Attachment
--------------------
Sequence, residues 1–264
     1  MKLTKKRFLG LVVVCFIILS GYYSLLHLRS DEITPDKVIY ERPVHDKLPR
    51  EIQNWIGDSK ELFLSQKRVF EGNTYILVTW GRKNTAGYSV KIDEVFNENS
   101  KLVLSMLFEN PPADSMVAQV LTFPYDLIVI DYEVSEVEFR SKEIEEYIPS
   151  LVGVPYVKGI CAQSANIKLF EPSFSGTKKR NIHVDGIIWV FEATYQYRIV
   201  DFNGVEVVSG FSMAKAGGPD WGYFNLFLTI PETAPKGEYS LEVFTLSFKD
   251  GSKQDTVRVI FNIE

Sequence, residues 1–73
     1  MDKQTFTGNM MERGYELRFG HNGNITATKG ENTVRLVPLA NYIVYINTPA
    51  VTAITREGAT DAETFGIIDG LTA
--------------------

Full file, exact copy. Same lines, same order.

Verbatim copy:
Sequence, residues 1–264
     1  MKLTKKRFLG LVVVCFIILS GYYSLLHLRS DEITPDKVIY ERPVHDKLPR
    51  EIQNWIGDSK ELFLSQKRVF EGNTYILVTW GRKNTAGYSV KIDEVFNENS
   101  KLVLSMLFEN PPADSMVAQV LTFPYDLIVI DYEVSEVEFR SKEIEEYIPS
   151  LVGVPYVKGI CAQSANIKLF EPSFSGTKKR NIHVDGIIWV FEATYQYRIV
   201  DFNGVEVVSG FSMAKAGGPD WGYFNLFLTI PETAPKGEYS LEVFTLSFKD
   251  GSKQDTVRVI FNIE

Sequence, residues 1–73
     1  MDKQTFTGNM MERGYELRFG HNGNITATKG ENTVRLVPLA NYIVYINTPA
    51  VTAITREGAT DAETFGIIDG LTA